South Africa in BRICS


SA has big role to play in BRICS: O'Neill

SA has big role to play in BRICS: O'Neill

Brazilian President Dilma Rousseff, Russian President Vladimir Putin, South African President Jacob Zuma, Indian Prime Minister Manmohan Singh and Chinese President Xi Jinping during the BRICS Leaders Africa Dialogue Forum, Durban, 28 March 2013 (Photo: GCIS)

12 April 2013

South Africa has a important role to play within the BRICS grouping, both as a gateway to the continent and as a catalyst for African integration, Goldman Sachs economist Jim O'Neill told the tenth annual conference of the African Venture Capital Association in Cape Town this week.

O'Neill, the man responsible for coining the original acronym BRIC, to stand for the fast-growing developing economies of Brazil, Russia, India and China, had previously criticized South Africa's inclusion in the grouping, based on the country's relatively smaller population and economy.

On Tuesday, news agency AFP quoted O'Neill as saying that South Africa "has a big role to play [within the grouping] and probably quite a responsibility in being some kind of genuine gateway to helping the rest of Africa become more successful".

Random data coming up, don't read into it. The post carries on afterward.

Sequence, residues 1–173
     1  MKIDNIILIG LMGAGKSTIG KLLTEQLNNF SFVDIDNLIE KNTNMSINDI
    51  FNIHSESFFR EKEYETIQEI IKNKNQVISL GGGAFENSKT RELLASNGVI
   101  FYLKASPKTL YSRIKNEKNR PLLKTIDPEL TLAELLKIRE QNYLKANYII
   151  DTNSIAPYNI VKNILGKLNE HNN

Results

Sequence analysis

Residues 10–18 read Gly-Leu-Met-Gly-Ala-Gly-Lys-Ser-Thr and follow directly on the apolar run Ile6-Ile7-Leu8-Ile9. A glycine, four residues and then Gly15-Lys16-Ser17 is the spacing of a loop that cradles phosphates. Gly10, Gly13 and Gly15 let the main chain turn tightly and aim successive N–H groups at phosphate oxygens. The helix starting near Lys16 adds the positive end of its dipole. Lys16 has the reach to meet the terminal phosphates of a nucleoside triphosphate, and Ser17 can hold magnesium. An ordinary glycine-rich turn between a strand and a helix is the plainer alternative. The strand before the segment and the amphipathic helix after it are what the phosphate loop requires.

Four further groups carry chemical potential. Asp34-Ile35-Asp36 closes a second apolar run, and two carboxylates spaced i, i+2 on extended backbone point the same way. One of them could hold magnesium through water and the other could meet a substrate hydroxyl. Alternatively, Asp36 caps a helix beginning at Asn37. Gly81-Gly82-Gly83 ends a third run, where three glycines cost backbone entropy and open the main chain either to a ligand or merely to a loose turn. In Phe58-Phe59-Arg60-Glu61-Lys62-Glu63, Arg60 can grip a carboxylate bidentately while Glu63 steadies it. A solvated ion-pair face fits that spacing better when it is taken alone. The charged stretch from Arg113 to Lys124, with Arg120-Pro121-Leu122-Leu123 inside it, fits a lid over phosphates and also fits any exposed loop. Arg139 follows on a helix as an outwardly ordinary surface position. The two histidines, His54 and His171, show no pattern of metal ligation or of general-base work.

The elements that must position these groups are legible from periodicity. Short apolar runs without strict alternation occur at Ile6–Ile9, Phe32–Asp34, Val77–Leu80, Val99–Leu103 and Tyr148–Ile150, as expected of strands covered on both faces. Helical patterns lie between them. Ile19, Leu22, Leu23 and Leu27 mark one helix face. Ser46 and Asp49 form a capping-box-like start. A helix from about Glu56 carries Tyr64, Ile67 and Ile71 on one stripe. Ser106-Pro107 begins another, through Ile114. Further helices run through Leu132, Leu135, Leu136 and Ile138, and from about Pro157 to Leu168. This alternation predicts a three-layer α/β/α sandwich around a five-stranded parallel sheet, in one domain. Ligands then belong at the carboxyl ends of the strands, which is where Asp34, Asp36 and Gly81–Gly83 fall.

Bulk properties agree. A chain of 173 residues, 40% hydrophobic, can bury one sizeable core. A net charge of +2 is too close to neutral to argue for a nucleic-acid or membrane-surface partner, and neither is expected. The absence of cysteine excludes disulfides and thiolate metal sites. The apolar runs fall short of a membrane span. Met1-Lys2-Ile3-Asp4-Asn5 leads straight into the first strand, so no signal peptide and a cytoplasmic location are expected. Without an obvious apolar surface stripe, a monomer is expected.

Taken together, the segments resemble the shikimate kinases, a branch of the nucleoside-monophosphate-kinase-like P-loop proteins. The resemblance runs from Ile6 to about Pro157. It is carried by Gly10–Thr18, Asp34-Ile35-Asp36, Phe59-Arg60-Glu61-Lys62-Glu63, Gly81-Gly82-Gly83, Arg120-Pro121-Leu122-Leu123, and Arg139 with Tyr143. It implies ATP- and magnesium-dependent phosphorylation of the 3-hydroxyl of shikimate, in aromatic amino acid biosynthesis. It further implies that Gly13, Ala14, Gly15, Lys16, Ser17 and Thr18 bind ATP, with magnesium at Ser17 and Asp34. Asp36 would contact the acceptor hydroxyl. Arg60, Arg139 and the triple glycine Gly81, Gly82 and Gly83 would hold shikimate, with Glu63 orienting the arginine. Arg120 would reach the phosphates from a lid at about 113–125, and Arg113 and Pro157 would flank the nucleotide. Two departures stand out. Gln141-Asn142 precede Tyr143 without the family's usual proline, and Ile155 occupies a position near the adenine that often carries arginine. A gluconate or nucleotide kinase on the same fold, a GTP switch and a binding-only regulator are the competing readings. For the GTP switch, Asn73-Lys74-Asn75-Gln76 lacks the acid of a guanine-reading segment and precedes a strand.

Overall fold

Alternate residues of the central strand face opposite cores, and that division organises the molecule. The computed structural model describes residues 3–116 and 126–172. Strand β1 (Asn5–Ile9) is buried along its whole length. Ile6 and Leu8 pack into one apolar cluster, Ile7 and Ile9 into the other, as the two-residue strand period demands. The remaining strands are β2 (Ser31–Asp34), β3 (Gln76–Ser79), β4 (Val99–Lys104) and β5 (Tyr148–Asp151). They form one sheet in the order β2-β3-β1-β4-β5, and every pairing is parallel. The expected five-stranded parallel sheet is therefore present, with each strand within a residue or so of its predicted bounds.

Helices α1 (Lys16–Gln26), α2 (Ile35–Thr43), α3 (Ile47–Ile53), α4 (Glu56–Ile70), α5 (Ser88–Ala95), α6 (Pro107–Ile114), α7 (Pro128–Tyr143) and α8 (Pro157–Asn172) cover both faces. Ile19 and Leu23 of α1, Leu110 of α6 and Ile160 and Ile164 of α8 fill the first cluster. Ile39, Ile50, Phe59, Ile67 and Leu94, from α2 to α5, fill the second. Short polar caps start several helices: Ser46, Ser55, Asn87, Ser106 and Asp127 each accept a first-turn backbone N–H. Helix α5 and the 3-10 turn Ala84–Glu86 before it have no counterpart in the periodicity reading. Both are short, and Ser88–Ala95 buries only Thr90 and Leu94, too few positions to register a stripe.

Referring to the agreement reached at the 5th BRICS summit in Durban last month, to establish a BRICS development bank to help finance infrastructure programmes in the BRICS and other developing countries, O'Neill said this was "probably the first real sign that this grouping has managed to do something together".

According to AFP, O'Neill was bullish about Africa's growth potential, saying it was "one part of the world that has got a very high growth rate that is accelerating", and pointing to an Africa growth forecast of six percent this decade.

If Africa could improve its technology, education and governance standards, as well as strengthen its trade and infrastructure links - and here was the role South Africa could play - "then my goodness me, it is not only the next decade [that is going to be Africa's], it is going to be the next three or four," O'Neill said.

SAinfo reporter

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